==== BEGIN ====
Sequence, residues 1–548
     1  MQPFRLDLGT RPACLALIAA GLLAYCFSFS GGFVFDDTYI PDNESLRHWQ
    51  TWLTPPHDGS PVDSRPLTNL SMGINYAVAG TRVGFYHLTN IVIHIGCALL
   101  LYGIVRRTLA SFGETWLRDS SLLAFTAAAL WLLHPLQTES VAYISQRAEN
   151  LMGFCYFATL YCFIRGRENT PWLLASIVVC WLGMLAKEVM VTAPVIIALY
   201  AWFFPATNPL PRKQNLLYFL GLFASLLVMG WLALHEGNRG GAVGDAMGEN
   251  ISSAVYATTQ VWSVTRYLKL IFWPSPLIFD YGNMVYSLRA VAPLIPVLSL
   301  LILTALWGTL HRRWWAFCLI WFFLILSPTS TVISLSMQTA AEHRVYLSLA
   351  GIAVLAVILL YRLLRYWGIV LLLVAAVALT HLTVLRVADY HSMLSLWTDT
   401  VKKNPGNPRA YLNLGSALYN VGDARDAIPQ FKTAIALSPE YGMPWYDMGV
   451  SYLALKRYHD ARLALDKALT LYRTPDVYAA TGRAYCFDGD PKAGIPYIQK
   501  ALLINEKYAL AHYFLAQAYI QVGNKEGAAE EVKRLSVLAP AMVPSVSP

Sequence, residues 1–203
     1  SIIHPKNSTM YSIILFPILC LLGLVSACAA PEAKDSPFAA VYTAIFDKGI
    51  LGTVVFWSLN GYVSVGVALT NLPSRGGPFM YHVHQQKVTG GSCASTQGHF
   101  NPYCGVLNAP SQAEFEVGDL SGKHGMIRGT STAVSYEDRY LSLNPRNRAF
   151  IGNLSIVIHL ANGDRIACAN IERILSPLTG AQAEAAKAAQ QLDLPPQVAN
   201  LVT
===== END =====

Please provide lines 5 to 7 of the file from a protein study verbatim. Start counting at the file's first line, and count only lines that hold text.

   151  LMGFCYFATL YCFIRGRENT PWLLASIVVC WLGMLAKEVM VTAPVIIALY
   201  AWFFPATNPL PRKQNLLYFL GLFASLLVMG WLALHEGNRG GAVGDAMGEN
   251  ISSAVYATTQ VWSVTRYLKL IFWPSPLIFD YGNMVYSLRA VAPLIPVLSL